"It doesn't seem like it was long ago that I was watching Dougie from the stands playing the Dallas Stars in the first round," he said. "But they definitely were a team that I had the privilege of going to watch and cheer for, and enjoy doing so."

In 2006, Weight was Ward's teammate on the Carolina Hurricanes — and wound up watching and cheering for the 22-year-old rookie after injuring his shoulder in Game 5 of the Stanley Cup finals, a game the Oilers won 4-3 on Fernando Pisani's shorthanded goal in overtime. Although Ward made the save of the playoffs in Game 6, the Oilers won 4-0 to push the series to the limit for the fourth time in five years and the third year in a row — a first in the history of the Stanley Cup finals.

The Oilers' win also kept Ward from celebrating a championship in front of his family and friends. Instead, it was back to the RBC Center in Raleigh and a raucous sellout crowd. The Hurricanes gave their fans something to cheer about just 1:26 into the game when defenseman Aaron Ward (no relation) beat Edmonton goaltender Jussi Markkanen for a 1-0 lead.

Frantisek Kaberle's power-play goal early in the second period made it 2-0. But the Oilers didn't quit. They cut the margin in half early in the third period when Pisani scored again, and kept the pressure on Ward and the Hurricanes throughout the final 20 minutes, but Ward was equal to the task, making a spectacular save on Pisani's breakaway with about seven minutes left to preserve the lead.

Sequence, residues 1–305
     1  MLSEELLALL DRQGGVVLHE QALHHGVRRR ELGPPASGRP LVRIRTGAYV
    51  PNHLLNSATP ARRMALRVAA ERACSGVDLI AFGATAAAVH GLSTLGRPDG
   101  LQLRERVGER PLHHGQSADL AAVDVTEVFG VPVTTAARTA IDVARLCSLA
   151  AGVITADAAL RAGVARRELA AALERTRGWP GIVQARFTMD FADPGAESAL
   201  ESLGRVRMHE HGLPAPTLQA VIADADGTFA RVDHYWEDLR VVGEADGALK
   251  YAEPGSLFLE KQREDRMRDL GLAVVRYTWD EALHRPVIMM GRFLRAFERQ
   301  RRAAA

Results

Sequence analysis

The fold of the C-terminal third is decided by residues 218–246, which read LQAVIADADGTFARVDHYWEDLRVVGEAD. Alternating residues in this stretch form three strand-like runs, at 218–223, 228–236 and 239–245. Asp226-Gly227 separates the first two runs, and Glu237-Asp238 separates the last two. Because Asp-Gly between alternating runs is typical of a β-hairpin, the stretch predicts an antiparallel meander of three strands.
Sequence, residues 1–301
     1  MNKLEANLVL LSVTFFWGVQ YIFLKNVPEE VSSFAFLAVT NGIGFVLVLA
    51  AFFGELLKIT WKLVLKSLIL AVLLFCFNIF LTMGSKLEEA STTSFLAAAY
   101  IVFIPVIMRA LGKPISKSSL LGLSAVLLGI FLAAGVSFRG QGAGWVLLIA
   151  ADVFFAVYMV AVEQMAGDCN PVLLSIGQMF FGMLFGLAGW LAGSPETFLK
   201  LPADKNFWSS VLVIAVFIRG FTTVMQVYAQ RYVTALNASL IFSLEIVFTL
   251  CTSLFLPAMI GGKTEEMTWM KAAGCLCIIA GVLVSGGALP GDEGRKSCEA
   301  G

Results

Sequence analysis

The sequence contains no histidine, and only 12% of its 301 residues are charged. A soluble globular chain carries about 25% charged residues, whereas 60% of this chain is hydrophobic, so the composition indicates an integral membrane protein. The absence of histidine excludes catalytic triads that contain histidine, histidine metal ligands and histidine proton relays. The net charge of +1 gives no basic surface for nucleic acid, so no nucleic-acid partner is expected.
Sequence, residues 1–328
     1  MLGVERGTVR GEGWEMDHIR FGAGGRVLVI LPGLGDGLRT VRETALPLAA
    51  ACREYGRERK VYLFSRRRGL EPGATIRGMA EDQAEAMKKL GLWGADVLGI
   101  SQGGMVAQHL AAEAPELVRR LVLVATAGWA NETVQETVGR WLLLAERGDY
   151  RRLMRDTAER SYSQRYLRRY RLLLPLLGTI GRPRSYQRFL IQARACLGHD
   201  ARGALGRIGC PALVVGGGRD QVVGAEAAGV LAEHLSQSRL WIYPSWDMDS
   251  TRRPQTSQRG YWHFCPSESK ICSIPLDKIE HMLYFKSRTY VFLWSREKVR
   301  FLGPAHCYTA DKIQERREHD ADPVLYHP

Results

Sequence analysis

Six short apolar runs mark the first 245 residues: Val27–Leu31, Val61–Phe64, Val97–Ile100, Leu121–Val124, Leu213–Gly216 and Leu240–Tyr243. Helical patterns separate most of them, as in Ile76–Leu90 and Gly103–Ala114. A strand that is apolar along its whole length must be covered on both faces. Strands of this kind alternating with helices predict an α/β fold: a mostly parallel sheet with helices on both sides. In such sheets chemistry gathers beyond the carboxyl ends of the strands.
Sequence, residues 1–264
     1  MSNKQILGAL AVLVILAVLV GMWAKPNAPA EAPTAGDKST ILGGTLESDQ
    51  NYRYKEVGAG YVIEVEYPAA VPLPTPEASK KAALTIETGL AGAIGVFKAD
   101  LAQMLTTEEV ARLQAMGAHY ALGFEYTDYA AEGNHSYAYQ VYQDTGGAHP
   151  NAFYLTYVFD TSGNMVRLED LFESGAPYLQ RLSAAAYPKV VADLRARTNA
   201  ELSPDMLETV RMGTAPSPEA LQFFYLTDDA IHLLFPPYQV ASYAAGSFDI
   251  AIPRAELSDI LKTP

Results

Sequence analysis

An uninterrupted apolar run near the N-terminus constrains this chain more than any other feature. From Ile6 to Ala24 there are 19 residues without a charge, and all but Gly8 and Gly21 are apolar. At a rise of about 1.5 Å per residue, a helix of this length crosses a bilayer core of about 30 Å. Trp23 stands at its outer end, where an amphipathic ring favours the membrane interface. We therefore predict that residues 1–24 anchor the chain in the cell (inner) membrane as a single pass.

"You've got to give Edmonton credit," Ward said. "They didn't give up, and they threw everything at us. When you look at the first goal, it was as a bad rebound on my part — a goal that I wanted to take back. You saw the same situation with the second time around, and I was fortunate to make the save."

The Oilers pulled Markkanen in the final two minutes, but Justin Williams scored into the empty net with 61 seconds remaining to assure the Hurricanes, who came into the NHL (as the Hartford Whalers) with the Oilers from the World Hockey Association in 1979, with their first Stanley Cup.

For Ward, who won only 14 times during the regular season as the backup to Martin Gerber, the victory in Game 7 was his 15th of the Playoffs. He became the first rookie since Patrick Roy 20 years earlier to lead his team to the championship and win the Conn Smythe Trophy as MVP of the playoffs.

"It's a huge honor to win the award," he said. "I truly feel that you could have given it to anybody on this hockey team. And to tell you the truth, you know it's completely irrelevant. The trophy that matters the most is that Stanley Cup."

The fact that he beat his hometown team to win the Cup didn't bother him a bit.

"I don't feel bad at all," he said. "I have been blessed with tremendous support through my family and friends, back in Sherwood Park. I know they were a little bit torn before the series being hard-core Oilers fans, but they stayed loyal and supported me all along, and I am excited to go back and share it with them."

Author: John Halligan | Correspondent